I had a conference to attend in Seattle last week, and since my daughters were able to come along this time, we made a bit of a vacation out of the trip.
A view of Puget Sound from our hotel room. LOTS of construction throughout Seattle! Hence the cranes.
No 13th floor in our hotel.
I don’t know why I love reflections so much, but I do. Here is a cool “windowscape” I shot from our hotel room.
And another, same building, but later in the day.
And sunset reflected in the glass of a building.
And a few minutes later . . .
And a few minutes after that . . .
Until finally . . .
Of course, no trip to Seattle is complete without a monorail ride to the Space Needle. Both monorail and Space Needle were constructed for the 1962 Seattle World’s Fair.
The Space Needle is located in the Seattle Center, a 74-acre park that served as the grounds for the World’s Fair. Once we arrived there, we decided to forego a trip up inside the Space Needle in favor of two other things we decided were higher priorities.
First, my younger daughter had her “portrait” drawn by a really great caricature artist named Max (“like Mad Max”). We waited a long time in line, but it was worth it. The caricature is my daughter’s favorite souvenir of our trip, and she kept it closely by her side throughout the journey back home, awkwardly carrying it (framed in a matte about 18″ x 24″) through the airports, while also dealing with her bags, and stowing it on the plane in the narrow space between her window seat and the cabin wall.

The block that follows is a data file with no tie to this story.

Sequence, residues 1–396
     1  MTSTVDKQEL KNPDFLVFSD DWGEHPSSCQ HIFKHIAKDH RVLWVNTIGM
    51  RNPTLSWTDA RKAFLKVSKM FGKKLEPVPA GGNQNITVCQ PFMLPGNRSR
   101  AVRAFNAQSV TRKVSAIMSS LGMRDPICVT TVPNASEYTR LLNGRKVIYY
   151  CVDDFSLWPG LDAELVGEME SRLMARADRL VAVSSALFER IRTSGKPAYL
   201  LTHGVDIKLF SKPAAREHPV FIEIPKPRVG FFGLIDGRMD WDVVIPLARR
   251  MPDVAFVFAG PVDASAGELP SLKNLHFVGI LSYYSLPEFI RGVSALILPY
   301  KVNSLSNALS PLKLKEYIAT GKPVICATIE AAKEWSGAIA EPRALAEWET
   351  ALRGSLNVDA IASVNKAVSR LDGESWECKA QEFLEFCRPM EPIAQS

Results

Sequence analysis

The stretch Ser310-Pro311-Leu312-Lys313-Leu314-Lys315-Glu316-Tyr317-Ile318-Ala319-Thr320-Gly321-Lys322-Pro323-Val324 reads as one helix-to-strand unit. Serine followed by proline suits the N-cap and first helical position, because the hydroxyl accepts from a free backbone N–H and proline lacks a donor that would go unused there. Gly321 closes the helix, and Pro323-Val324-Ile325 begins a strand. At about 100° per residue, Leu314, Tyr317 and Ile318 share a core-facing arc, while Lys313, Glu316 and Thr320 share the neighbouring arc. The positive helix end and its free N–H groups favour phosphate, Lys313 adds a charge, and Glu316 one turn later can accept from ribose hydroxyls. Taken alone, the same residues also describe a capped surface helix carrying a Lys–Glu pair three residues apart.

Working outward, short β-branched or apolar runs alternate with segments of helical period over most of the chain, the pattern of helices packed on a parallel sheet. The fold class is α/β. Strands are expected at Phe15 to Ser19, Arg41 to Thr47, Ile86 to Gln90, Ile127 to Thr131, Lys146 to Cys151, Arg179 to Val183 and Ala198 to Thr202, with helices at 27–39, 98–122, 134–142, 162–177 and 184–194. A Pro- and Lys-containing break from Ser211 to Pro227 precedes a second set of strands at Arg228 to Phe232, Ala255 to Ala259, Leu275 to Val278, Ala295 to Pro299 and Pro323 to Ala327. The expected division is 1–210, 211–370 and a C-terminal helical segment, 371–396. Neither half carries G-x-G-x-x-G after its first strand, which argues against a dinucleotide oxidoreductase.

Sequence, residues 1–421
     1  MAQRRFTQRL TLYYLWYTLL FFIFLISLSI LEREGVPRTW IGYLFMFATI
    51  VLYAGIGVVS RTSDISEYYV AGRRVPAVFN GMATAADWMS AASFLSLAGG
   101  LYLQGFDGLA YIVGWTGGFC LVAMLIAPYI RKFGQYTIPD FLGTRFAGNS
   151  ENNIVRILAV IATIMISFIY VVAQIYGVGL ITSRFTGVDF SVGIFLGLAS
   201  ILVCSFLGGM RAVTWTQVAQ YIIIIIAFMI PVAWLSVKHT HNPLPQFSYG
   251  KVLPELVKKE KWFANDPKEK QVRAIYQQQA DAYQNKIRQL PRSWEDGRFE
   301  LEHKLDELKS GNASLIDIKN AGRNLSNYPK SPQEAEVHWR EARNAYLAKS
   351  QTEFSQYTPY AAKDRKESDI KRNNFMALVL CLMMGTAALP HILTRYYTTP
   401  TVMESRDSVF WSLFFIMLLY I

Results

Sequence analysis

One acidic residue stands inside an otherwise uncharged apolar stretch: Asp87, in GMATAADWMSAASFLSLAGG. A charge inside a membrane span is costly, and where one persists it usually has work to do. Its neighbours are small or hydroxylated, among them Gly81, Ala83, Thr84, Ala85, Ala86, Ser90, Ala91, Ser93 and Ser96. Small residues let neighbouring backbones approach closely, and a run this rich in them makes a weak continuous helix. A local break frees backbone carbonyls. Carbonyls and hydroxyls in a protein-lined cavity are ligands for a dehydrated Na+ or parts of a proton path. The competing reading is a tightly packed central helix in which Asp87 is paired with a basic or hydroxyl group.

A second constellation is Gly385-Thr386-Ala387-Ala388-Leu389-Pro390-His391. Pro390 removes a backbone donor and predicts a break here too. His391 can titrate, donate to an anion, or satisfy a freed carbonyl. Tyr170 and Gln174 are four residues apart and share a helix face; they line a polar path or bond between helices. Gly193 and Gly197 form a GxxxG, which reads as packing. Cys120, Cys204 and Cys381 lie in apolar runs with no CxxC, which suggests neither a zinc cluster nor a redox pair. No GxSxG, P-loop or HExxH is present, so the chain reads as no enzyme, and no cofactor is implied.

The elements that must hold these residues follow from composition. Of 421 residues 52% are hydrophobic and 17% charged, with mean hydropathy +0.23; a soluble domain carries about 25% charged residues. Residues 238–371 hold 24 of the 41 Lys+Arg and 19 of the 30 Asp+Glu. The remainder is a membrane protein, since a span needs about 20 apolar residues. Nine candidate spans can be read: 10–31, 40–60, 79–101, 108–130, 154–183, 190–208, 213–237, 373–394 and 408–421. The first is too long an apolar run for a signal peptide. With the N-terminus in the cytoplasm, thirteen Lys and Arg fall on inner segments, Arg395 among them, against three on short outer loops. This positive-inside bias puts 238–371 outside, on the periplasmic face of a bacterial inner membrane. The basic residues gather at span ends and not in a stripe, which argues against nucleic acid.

What an incredible experience!
Inside, the museum was a fairyland of glass and color and light and darkness.
You probably noticed the reflections in the pictures above. Chihuly is famous for hanging his glass chandeliers above water. For a wonderful intro to his work if you’re not familiar with Chihuly, see Chihuly Over Venice, a 90-minute documentary about his 1996 installation of chandelier sculptures over the canals of Venice (you can view a sample/trailer here, at Chihuly’s website). Once you see the glass reflected in the dark water, you’ll understand as I did why his work in museums always seems to be placed above a polished, black reflective surface. The mirror image is as important to the viewer’s experience as the sculpture itself.
The photo below is a panorama I shot of two canoes laden with glass bounty—seemingly gliding through still waters at night.
Sometimes the larger sculptures are impressive but kind of meh from a distance—revealing their intricate beauty only upon closer examination of the details.
Outside the museum was a garden to rival Monét’s home in Giverny—except with lots and lots of glass.
With a couple of very tall, sculptural-glass “plants.”
One of which rivals—but will never match 🙂 —the height of the Space Needle.
Dale Chihuly was born in Tacoma and is now based in the Seattle area, so maybe it’s no surprise that the bath in our hotel room was graced with this photograph bearing Chihuly’s handwritten caption: “Cobalt Blue & Green Chandelier over Black Rock, Nuutajävi Finland Part I, June 1995.”
All in all, a very good trip (sigh of contentment).
So now we’re back. And I have all my usual post-conference stuff to do (not to mention a mountain of laundry 🙂 ). But I wanted to get this post up before jumping back into Milwaukee life.